Core Faculty

Rumee Ahmed (Asian Studies)                                                   Research Interests: His writing and research span religion, law, theology, philosophy, and hermeneutics. He is the author of Sharia Compliant: A User’s Guide to Hacking Islamic Law (Stanford University Press, 2018) and Narratives of Islamic Legal Theory (Oxford University Press, 2012), and is co-editor of The Oxford Handbook of Islamic Law (Oxford University Press, 2019) and The Objectives of Islamic Law (Lexington Books, 2018).

Carole Blackburn (Anthropology/ Sociology)
Research Interests: Legal and political anthropology, governmentality, race and colonization, human rights, indigenous rights and sovereignty, First Nations and the Canadian state, injury, trauma and reconciliation.

Ayesha Chaudhry (Gender, Race, Sexuality and Social Justice) Research Interests: Human rights, gender, religious freedom and pluralism. She is the author of Domestic Violence and the Islamic Tradition: Ethics, Law, and the Muslim Discourse on Gender (Oxford University Press, 2014). She has consulted on high-level national and international cases concerning human rights, religious freedom, and pluralism. Dr. Chaudry’s most recent book is The Colour of God (2021).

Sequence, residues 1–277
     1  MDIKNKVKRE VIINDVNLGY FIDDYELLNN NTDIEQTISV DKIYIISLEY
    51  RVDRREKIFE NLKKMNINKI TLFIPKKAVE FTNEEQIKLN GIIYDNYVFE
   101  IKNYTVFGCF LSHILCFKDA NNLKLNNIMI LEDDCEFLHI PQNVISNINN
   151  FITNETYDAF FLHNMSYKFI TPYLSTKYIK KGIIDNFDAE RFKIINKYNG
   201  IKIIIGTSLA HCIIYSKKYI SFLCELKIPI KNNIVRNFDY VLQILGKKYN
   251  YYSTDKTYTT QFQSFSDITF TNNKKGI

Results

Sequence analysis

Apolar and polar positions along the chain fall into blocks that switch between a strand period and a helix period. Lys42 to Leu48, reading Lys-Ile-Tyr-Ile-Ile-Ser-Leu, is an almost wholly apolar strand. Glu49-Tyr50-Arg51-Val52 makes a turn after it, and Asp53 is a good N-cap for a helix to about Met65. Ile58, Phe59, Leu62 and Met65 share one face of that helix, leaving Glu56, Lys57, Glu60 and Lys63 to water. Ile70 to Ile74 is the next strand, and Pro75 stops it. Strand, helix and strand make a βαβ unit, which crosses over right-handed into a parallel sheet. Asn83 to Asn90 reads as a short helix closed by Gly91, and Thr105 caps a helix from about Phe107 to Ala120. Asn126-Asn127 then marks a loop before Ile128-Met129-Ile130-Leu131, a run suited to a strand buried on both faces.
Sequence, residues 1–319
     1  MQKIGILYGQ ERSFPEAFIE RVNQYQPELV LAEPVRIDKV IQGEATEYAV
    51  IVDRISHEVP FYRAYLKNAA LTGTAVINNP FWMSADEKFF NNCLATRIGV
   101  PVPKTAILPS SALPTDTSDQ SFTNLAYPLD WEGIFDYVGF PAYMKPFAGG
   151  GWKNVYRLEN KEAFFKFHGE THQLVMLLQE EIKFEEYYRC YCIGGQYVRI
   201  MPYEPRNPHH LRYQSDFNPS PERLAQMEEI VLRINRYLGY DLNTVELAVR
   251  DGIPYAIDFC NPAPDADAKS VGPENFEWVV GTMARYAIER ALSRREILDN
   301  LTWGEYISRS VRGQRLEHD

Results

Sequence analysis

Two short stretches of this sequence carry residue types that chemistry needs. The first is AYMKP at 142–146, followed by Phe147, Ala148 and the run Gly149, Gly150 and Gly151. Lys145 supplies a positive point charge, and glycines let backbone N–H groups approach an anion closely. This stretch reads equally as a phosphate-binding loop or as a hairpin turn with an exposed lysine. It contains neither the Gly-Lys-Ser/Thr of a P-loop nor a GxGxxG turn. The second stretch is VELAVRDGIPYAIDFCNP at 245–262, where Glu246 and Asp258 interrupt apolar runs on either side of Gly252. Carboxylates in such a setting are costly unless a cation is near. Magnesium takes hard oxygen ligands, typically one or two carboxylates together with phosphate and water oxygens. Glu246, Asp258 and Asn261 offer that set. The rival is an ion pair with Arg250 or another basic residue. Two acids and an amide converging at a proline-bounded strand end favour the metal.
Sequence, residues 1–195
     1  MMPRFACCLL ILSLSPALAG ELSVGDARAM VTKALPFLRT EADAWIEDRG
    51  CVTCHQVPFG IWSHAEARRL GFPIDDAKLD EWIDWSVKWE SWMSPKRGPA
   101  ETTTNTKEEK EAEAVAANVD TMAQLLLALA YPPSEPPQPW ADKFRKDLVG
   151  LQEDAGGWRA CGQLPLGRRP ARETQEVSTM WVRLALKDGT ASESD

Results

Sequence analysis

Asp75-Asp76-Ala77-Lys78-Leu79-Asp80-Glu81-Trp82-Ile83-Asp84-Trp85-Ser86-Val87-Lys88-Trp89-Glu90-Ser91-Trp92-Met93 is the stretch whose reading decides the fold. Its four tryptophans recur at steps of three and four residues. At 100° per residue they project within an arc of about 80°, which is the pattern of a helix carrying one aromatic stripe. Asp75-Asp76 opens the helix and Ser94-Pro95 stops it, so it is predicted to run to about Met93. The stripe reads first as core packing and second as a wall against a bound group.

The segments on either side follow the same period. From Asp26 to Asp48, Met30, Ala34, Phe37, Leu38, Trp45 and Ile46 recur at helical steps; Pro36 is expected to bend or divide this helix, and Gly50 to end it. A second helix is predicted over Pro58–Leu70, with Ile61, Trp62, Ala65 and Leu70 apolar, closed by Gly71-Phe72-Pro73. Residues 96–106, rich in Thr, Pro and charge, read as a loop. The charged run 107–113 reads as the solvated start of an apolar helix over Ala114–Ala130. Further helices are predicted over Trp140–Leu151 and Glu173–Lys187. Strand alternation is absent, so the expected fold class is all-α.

Mark Harris (Gender, Race, and Social Justice)
Research Interests: Law and Society. Instructor for Law and Society 204

Katharine Huemoeller (CNERS)                                              Research Interests: Roman social history, ancient and comparative slavery, documentary texts, gender and sexuality, ancient law, and non urban life in antiquity. Dr. Huemoeller is currently working on a book on the sexual dimension of ancient Roman slavery.

Renisa Mawani (Sociology)
Research Interests: Law and Society, Sociology of Empire, Historical/ Comparative Sociology, Transnational Histories, Sociology of Modernity, Postcolonial Theory, Biopolitics and Racisms, South Asia

Bradley Miller (History)
Research Interests: Dr. Miller’s focuses on ideas and practices of state power and governance in British North America/Canada from the early nineteenth to the early twentieth centuries, primarily on how law and legal order were intellectually shaped and operated. Currently, he is finishing up a book on international fugitive criminals in British North America/Canada, looking in particular at how Canadian and colonial law developed.

Bruce Miller (Anthropology)
Research Interests: Dr. Miller’s research concerns the comparative study of indigenous peoples and their relationships with the state in its various forms. In particular, he examines tribal justice/legal initiatives and the circumstances of indigenous communities without state recognition. Also, his work concerns community social organization and political life, especially within the Coast Salish communities of British Columbia and Washington state. In addition, he considers the nature of research and the influences of litigation on anthropological knowledge. Finally, his research addresses the contemporary international debate around the concept of indigenousness and the international connections between indigenous peoples and groups.